Yoga for Athletes

What do LeBron James, Lauren Fleshman, the Seattle Seahawks, and the New Zealand All Blacks have in common? Besides being professional athletes with recent championship-winning seasons, all four use their yoga practices to give them a competitive edge.

Athletes in a wide variety of sports are turning to yoga for physical, mental, and emotional support. This ancient practice has real, practical benefits for all modern athletes – from King James to P.E. students – and Yoga Ed. is here to help you experience them. Check out the benefits below, along with recommended poses to try during your own cross-training adventures.

physical benefits

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Yoga has been shown to improve flexibility, strength, balance, endurance, circulation, and immunity.

Most athletes know that yoga can help your flexibility. But can’t “regular stretching” do the same thing? Not in the same way. Stretching is linear, usually focusing on one body part at a time. Yoga poses typically stretch multiple regions of the body at once, in multiple planes. That can be especially helpful for joints that move in many directions, such as the shoulders, elbows, wrists, ankles, and hips. By placing your body in its full range of motion, yoga is the perfect complement for dynamic activities like sports.

A member of the New Zealand All Blacks, Beauden Barrett, says he’s “been working on my flexibility. That’s been vital for me. … I’m quite a stiff bloke, so extra [yoga] sessions here and there have certainly helped.”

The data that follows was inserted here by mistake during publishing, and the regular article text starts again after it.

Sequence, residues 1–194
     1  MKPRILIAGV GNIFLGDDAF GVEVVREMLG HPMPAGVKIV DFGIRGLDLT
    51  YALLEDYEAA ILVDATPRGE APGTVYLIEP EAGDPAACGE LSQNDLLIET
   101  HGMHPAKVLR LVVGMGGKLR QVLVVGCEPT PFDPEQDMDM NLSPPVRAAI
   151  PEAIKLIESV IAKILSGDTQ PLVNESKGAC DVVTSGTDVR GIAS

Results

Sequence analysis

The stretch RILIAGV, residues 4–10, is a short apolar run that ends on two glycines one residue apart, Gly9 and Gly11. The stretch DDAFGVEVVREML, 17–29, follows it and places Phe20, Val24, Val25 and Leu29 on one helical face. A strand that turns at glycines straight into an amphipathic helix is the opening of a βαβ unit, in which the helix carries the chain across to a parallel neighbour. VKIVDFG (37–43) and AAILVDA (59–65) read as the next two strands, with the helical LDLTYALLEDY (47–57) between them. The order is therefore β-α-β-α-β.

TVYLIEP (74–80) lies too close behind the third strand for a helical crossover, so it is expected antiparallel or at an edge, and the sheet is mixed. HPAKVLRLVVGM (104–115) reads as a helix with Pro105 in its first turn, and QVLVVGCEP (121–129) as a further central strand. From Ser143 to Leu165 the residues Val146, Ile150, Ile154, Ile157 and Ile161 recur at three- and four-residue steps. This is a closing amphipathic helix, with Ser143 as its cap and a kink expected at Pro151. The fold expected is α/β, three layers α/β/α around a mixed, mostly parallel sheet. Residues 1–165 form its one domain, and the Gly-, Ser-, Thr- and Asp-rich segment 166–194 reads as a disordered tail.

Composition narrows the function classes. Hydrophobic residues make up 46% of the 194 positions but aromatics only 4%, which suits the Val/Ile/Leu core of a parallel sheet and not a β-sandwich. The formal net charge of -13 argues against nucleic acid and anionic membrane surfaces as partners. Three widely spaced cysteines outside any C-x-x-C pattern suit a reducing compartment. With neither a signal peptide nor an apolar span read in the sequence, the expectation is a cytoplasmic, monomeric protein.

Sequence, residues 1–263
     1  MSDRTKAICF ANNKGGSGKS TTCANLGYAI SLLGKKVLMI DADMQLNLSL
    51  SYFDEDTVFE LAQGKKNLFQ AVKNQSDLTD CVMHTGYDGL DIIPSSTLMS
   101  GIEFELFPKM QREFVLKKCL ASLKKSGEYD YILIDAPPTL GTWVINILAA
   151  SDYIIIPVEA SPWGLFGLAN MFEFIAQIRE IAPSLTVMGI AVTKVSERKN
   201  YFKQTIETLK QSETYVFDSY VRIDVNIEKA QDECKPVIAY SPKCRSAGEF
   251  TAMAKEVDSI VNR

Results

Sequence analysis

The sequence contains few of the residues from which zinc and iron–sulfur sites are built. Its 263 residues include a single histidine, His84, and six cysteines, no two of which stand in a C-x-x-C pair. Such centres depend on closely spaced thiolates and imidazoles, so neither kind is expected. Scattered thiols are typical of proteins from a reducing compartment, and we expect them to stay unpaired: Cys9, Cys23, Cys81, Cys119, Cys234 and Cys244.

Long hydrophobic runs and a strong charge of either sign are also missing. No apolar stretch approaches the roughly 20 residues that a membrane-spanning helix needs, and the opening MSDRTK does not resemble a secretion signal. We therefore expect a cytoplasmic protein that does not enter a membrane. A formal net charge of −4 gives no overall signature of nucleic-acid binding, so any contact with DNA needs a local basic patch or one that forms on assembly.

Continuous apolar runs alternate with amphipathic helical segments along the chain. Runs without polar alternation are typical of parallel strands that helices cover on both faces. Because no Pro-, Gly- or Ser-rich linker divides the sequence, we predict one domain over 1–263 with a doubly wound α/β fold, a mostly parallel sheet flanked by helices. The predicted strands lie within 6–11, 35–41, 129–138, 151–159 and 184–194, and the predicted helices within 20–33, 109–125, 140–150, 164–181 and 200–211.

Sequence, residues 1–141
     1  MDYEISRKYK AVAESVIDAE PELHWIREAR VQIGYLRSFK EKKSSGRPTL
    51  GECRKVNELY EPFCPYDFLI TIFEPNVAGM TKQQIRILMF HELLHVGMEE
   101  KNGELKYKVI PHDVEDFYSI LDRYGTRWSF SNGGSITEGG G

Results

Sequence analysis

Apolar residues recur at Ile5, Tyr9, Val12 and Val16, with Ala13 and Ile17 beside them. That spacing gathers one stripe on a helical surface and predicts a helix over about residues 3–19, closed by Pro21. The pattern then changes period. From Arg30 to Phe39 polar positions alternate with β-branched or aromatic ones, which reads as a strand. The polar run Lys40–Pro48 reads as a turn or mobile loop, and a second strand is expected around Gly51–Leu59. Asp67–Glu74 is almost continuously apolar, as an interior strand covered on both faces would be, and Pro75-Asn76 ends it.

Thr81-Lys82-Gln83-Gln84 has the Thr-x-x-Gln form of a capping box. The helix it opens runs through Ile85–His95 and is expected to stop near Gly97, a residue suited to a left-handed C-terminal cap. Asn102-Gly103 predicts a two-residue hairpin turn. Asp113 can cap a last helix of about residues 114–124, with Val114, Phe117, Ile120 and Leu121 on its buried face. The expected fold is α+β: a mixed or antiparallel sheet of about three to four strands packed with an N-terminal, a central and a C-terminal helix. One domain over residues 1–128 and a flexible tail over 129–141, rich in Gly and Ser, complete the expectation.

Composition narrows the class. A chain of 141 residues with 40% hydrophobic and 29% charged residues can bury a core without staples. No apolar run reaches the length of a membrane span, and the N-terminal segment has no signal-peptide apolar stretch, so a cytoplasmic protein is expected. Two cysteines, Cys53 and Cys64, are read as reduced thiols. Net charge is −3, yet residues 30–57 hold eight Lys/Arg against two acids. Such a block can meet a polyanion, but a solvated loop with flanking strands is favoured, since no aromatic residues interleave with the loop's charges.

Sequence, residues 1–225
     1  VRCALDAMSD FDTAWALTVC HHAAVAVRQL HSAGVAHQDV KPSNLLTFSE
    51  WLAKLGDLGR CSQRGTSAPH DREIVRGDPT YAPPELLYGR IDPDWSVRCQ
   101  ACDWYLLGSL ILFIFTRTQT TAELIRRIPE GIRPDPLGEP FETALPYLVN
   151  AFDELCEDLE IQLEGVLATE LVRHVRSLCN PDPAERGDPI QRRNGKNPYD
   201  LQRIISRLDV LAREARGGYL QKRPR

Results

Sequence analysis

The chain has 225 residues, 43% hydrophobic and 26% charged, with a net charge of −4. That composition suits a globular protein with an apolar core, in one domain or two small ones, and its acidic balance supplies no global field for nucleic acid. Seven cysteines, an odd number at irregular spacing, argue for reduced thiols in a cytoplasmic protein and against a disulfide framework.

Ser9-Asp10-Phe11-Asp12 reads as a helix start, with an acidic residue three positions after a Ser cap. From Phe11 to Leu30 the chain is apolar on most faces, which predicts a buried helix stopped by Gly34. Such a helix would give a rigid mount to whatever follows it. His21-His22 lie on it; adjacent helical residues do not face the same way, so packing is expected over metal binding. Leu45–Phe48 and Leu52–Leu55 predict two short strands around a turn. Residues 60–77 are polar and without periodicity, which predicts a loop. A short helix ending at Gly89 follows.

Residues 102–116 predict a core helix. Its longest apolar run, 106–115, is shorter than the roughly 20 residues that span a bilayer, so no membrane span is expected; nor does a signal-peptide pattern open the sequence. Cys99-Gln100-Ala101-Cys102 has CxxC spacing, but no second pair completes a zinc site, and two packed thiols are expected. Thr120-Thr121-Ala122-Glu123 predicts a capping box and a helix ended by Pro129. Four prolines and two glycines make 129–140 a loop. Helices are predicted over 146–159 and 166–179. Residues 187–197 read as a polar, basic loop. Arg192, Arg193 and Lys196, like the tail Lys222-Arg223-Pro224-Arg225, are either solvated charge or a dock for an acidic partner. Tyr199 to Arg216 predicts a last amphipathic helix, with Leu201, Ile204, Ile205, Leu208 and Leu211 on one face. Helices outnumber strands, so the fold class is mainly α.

Flexibility lets him maintain proper alignment and form during the bending, lifting, and twisting that rugby requires. Being more limber also helps him prevent injury from his highly physical, full-contact sport.

try it yourself:


Pigeon is great for your hips, which get particularly tight in sports that involve a lot of running.


  1. Begin in Table Pose.

  2. Inhale, bring your right leg forward bending at the knee.

  3. Exhale, tuck your left toes under.

  4. Inhale, pressing evenly into your hands and lift your chest, drawing your shoulder blades together.

  5. Exhale, fold forward onto forearms or until the forehead is touching the ground.

  6. Breathe.

  7. Inhale, step back to Table Pose.

  8. Repeat on the other side.

Thread the Needle

Thread the Needle provides a release for tight shoulders.


  1. Begin in Table Pose.

  2. Spread your knees wide.

  3. Walk your right hand to the center of your mat.

  4. Inhale, reach your left arm into the air.

  5. Exhale, thread your left arm under your right armpit.

  6. Inhale, extend your right arm forward towards the front of your mat.

  7. Breathe.

  8. When you are ready, walk your right hand back towards your head bend your elbow and come up to Table Pose.

  9. Repeat on the other side.

mental benefits